BAGRAM AIR BASE: President Barack Obama marked the anniversary of Osama bin Laden’s death with a speedy trip to Afghanistan, signing a strategic pact with Kabul on Wednesday and delivering an election-year message to Americans that the war is winding down.
Shortly after arriving under the cover of darkness, Obama and Afghan President Hamid Karzai signed a strategic partnership agreement at the Afghan leader’s palace that sets out a long-term US role in Afghanistan, including aid and advisers.
The deal may provide Afghans with reassurances that they will not be abandoned when most NATO combat troops leave in 2014. For Obama, it was an opportunity to draw a line under a war started by his predecessor in response to the September 11, 2001 attacks, but which is now widely unpopular at home.
“My fellow Americans, we have traveled through more than a decade under the dark cloud of war. Yet here, in the pre-dawn darkness of Afghanistan, we can see the light of a new day on the horizon,” Obama said in a televised address to the American people against the backdrop of armored vehicles and a US flag.
“As we emerge from a decade of conflict abroad and economic crisis at home, it’s time to renew America,” he said. “This time of war began in Afghanistan, and this is where it will end.”
Nearly 3,000 US and NATO soldiers have died during the Afghanistan war since the Taliban rulers were ousted in 2001.
Obama visited with troops during a stay of roughly six hours in the country and emphasised Bin Laden’s demise, an event that his re-election campaign has touted as one of his greatest achievements in office. Obama left Afghanistan on Air Force One shortly after delivering his speech.
“Not only were we able to drive al Qaeda out of Afghanistan, but slowly and systematically we have been able to decimate the ranks of al Qaeda, and a year ago we were able to finally to bring Osama bin Laden to justice,” Obama said to cheers.
But even as he asserted in his speech that there was a “clear path” to fulfilling the US mission in Afghanistan and made his strongest claim yet that the defeat of al Qaeda was “within reach,” he warned of further hardship ahead.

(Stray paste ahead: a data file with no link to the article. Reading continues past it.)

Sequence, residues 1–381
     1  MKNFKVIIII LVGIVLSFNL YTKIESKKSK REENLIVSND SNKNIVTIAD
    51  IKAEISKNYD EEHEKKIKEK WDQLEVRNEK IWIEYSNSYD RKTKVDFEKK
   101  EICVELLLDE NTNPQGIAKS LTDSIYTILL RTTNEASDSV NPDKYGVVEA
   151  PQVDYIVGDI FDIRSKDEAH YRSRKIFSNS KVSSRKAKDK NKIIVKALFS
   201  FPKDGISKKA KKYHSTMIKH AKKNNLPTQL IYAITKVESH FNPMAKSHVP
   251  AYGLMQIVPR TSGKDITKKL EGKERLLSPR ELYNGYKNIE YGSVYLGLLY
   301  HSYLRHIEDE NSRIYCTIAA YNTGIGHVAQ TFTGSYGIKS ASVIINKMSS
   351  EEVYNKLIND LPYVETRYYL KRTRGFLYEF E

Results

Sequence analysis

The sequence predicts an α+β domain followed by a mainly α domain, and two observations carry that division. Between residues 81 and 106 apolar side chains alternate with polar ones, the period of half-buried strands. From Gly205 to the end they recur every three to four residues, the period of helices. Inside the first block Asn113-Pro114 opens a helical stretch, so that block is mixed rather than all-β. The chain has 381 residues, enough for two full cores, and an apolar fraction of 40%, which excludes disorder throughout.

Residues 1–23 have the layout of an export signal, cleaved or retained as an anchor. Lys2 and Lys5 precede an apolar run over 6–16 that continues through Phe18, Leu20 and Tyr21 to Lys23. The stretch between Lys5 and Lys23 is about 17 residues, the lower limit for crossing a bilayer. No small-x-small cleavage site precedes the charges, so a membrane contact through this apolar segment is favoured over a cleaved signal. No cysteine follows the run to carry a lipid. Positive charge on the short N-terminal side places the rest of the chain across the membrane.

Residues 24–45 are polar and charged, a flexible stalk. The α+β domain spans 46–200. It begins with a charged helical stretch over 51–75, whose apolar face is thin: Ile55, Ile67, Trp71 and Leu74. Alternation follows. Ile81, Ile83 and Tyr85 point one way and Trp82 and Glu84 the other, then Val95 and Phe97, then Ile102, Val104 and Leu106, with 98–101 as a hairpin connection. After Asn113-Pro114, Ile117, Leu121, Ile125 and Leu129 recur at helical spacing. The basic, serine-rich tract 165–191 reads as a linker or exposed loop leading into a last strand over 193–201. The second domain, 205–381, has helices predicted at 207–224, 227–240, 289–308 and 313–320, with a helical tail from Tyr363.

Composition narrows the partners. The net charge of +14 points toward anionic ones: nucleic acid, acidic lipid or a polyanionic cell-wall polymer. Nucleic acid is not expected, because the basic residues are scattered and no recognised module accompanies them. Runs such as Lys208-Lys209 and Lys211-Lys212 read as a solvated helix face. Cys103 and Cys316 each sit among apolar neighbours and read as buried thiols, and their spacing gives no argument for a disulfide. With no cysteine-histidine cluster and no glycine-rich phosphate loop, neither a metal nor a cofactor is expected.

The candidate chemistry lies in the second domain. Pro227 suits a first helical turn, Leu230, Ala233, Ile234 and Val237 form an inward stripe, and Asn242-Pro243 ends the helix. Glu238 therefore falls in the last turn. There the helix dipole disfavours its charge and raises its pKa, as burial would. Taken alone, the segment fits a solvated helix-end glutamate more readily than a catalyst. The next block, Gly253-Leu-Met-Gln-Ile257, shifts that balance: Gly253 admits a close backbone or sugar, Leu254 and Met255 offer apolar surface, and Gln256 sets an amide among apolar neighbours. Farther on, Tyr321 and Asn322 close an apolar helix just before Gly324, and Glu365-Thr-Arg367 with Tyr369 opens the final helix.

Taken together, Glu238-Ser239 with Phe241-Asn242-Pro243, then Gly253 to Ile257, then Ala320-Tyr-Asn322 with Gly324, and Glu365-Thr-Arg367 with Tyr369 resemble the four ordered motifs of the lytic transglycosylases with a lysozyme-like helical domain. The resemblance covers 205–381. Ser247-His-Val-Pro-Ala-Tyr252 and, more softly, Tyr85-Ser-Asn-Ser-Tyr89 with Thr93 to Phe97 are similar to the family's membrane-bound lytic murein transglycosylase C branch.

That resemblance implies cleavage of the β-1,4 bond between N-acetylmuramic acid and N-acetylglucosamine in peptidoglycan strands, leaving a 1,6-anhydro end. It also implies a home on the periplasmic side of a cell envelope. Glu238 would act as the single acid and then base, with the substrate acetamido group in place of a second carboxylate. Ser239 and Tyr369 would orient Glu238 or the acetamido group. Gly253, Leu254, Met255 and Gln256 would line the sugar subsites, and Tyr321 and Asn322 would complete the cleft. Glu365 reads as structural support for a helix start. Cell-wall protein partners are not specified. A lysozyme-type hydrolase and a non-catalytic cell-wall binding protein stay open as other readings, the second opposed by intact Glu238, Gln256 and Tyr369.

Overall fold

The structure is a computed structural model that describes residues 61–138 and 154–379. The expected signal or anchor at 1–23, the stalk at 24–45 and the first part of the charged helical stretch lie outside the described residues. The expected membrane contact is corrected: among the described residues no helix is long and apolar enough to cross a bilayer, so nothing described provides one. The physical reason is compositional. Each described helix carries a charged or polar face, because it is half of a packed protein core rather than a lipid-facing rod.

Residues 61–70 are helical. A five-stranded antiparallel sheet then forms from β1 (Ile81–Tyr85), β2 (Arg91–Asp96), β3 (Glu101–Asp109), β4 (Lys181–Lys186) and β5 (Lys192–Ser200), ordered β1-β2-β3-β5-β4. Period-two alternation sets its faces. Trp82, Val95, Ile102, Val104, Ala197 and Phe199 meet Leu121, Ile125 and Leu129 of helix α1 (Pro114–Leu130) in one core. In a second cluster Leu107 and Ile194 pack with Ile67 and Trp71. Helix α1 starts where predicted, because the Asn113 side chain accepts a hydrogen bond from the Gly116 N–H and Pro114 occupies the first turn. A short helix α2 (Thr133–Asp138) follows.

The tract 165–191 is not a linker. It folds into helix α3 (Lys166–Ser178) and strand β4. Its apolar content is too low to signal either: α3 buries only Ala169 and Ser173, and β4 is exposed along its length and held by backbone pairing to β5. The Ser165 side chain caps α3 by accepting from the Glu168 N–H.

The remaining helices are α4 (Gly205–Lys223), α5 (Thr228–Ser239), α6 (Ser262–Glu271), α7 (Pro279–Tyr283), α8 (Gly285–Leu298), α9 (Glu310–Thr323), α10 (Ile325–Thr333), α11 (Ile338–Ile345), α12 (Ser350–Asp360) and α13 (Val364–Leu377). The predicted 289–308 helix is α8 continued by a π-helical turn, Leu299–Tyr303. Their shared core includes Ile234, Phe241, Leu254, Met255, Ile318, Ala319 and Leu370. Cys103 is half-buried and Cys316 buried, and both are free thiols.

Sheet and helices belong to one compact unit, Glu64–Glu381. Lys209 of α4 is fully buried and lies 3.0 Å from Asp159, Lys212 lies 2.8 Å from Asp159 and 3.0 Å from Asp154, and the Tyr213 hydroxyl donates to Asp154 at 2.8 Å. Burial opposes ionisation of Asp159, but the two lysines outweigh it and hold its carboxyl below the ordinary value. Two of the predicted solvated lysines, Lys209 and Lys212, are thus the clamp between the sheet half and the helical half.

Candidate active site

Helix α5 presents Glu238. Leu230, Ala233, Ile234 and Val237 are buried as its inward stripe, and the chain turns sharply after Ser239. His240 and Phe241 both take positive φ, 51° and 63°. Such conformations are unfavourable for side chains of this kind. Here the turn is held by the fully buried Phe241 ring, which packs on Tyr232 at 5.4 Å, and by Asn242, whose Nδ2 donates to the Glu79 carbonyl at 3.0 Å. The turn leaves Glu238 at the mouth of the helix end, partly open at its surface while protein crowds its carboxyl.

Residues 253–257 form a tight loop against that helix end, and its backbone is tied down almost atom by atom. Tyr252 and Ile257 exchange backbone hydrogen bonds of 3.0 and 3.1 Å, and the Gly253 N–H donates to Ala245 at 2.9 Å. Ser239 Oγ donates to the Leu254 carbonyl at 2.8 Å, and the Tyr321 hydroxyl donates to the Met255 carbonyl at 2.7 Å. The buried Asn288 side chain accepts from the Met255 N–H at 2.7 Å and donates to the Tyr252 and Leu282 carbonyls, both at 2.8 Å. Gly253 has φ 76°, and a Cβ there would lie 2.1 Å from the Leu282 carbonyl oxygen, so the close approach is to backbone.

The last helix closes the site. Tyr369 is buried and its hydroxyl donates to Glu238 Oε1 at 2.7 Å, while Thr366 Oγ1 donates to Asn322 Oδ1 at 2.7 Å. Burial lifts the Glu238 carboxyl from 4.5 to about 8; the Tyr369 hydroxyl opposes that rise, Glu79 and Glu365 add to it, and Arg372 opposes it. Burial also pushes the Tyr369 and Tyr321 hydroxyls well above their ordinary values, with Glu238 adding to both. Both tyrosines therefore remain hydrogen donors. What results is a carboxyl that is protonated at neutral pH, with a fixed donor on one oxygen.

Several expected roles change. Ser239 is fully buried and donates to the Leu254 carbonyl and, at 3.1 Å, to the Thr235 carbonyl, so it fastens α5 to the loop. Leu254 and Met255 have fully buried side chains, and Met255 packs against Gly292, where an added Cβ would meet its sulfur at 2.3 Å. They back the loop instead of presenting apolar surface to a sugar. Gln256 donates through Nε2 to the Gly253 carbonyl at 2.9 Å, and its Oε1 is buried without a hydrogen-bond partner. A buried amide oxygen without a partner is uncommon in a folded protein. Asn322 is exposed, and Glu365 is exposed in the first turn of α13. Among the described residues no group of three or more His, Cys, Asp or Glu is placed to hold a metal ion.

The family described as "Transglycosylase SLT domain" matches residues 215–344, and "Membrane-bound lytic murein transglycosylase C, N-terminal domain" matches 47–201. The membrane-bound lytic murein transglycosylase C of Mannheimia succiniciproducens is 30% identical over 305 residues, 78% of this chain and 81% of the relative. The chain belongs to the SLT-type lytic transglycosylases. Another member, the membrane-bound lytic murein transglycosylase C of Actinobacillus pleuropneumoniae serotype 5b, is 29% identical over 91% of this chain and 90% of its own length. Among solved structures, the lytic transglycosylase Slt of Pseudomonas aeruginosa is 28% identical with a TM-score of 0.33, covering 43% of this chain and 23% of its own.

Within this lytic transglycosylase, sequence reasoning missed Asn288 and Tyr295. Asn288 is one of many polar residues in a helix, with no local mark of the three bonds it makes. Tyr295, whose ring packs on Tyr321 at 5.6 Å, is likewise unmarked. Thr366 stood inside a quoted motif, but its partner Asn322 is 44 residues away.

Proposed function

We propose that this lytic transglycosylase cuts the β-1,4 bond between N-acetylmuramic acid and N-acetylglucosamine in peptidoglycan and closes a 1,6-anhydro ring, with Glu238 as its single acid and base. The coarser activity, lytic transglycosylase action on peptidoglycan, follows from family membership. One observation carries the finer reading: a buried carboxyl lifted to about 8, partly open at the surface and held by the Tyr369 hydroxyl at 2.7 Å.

“I recognise that many Americans are tired of war … But we must finish the job we started in Afghanistan and end this war responsibly,” he said at Bagram airbase outside of Kabul, where only months ago thousands of Afghans rioted after US troops accidentally burned copies of the Quran, the Muslim holy book.
The incident plunged already tense relations to their lowest point in years.
While speaking in broad terms of “difficult days ahead,” Obama did not address some of the thorniest challenges.
Those include corruption in Karzai’s weak government, the unsteadiness of Afghan forces in the face of a resilient Taliban insurgency, and Washington’s strained ties with Pakistan where US officials see selective cooperation in cracking down on militants fueling cross-border violence.
Those risks, along with the tactical gains US commanders see in parts of the country, were laid out in a new Pentagon report released on Tuesday.
Obama met Karzai at his walled garden palace in Kabul, where they signed the Strategic Partnership Agreement (SPA). “By signing this document, we close the last 10 years and open a new season of equal relations,” Karzai said after the meeting.
Within Afghanistan, the palace signing ceremony was aimed at sending a message to the Taliban and other groups that they cannot wait out 130,000 foreign troops and retake power.
The agreement does not specify whether a reduced number of US troops, possibly special forces, and advisers will remain after NATO’s 2014 withdrawal deadline. That will be dealt with in a separate status of forces agreement still being worked out.
Tough security for Obama
Large parts of central Kabul surrounding Karzai’s palace were locked down for the Obama’s arrival, with police sealing off streets around the city’s walled Green Zone, home to most embassies and NATO’s Afghanistan headquarters.
Insurgents staged coordinated attacks in the same area only weeks before, paralysing the capital’s center and diplomatic area for 18 hours. The Taliban claimed responsibility for the attacks, but US and Afghan officials blamed the militant Haqqani network.
After a US troop surge that Obama ordered in late 2009, US and NATO forces have managed to weaken Taliban militants, but the movement is far from defeated.
Obama plans to host NATO leaders in Chicago on May 20-21 for a summit to discuss the specifics of the troop withdrawals and look at ways to ensure that Afghanistan does not collapse into civil war when foreign combat forces leave.
The Obama administration is expected to struggle in securing its desired level of contributions for Afghan security forces from its cash-strapped European allies.
Obama said that after his surge troops are withdrawn this fall, “reductions will continue at a steady pace, with more of our troops coming home,” suggesting that he would not keep the force at a plateau level of 68,000 for one or two more fighting seasons as some generals might prefer.
The strategic partnership agreement could also help paper over strains in ties between Washington and Kabul, which have been hurt by a number of incidents involving US soldiers that have infuriated public opinion, including the massacre of 17 civilians in Kandahar and the Quran burnings.
Negotiations on the SPA were delayed for months until US negotiators agreed to Karzai’s demands to hand over operation of American prisons in the country to Afghan control and give leadership of night raids on homes to Afghan forces.
You can read the full text of President Obama’s speech here.